Whitney Museum opens Edward Steichen in the 1920s and 1930s: A Recent Acquisition

. December 7, 2013

The Whitney Museum of American Art presents Edward Steichen in the 1920s and 1930s: A Recent Acquisition an exhibition on view Dec 6, 2013–Feb 23, 2014.

Edward Steichen ( 1879-1973). Marlene Dietrich, (1931). Gelatin silver print, Sheet: 10 x 8in. (25.4 x 20.3 cm). Whitney Museum of American Art, New York; gift of Richard and Jackie Hollander in memory of Ellyn Hollander 2012.234 Steichen/Vanity Fair; © Condé Nast.

Edward Steichen ( 1879-1973). Marlene Dietrich, (1931). Gelatin silver print, Sheet: 10 x 8in. (25.4 x 20.3 cm). Whitney Museum of American Art, New York; gift of Richard and Jackie Hollander in memory of Ellyn Hollander 2012.234 Steichen/Vanity Fair; © Condé Nast.

Edward Steichen in the 1920s and 1930s: A Recent Acquisition presents an extraordinary gift of Edward Steichen photographs given to the Museum by Richard and Jackie Hollander. This exhibition includes celebrity portraits and fashion photographs taken during Steichen’s tenure as chief photographer for Condé Nast, shots for advertising campaigns, and images that reflect the artist’s interest in the natural world. Seen together, these works demonstrate Steichen’s role as a leading proponent of photography as both an aesthetic form and a vehicle for mass communication.

Edward Steichen in the 1920s and 1930s: A Recent Acquisition is organized by Carrie Springer, Senior Curatorial Assistant.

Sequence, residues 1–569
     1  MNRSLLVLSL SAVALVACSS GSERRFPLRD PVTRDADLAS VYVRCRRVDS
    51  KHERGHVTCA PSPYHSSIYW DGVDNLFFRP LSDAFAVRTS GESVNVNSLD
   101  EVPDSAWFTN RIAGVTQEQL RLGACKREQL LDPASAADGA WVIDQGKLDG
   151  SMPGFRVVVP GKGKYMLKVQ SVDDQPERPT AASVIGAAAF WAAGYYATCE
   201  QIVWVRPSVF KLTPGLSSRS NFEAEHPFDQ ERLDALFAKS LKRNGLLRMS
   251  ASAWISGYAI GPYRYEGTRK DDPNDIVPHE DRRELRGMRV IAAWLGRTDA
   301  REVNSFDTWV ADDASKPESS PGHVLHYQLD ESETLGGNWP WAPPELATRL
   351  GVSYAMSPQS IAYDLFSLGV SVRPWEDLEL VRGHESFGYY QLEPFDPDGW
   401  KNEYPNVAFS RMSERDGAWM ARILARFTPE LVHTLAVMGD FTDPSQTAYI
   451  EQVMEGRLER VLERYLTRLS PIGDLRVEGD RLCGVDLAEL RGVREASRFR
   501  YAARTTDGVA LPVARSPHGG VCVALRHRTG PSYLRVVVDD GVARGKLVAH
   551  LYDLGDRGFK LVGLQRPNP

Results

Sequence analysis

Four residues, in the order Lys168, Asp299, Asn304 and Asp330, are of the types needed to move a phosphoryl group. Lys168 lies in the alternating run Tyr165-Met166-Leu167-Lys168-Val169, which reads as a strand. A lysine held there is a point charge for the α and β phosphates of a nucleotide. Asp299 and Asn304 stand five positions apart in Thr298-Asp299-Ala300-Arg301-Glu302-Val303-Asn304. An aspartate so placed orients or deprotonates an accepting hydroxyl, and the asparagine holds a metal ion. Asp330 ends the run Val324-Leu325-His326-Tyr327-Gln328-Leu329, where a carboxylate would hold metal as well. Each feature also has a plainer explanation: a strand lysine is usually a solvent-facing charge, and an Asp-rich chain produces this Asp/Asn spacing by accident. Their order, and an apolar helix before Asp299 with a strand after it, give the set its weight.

Edward Steichen (1879–1973) began his career as a painter and a photographer, producing atmospheric and expressive photographs with a deliberate painterly appearance. After serving in World War I as an aerial photographer, he abandoned painting and developed a more modernist approach to photography, focusing on making images for the printed page. After serving as the chief photographer for Condé Nast publications from 1923 to 1937, Steichen resigned from his post and, at the age of fifty-nine, gave up his New York studio. During World War II, Steichen volunteered for service, and became director of the U.S. Navy Photographic Institute, in charge of all Navy Combat photography. In 1947, he was appointed director of the Department of Photography at The Museum of Modern Art, where he worked for fifteen years and curated more than forty exhibitions. His most famous show was The Family of Man (1955), a wideranging exhibition of photographs by artists from around the world linked together a shared human experience. MoMA also mounted an exhibition of Steichen’s own work in 1961, the year before he retired. In 1963 President John F. Kennedy presented Steichen with the Presidential Medal of Freedom, the highest honor the government bestows to a civilian.

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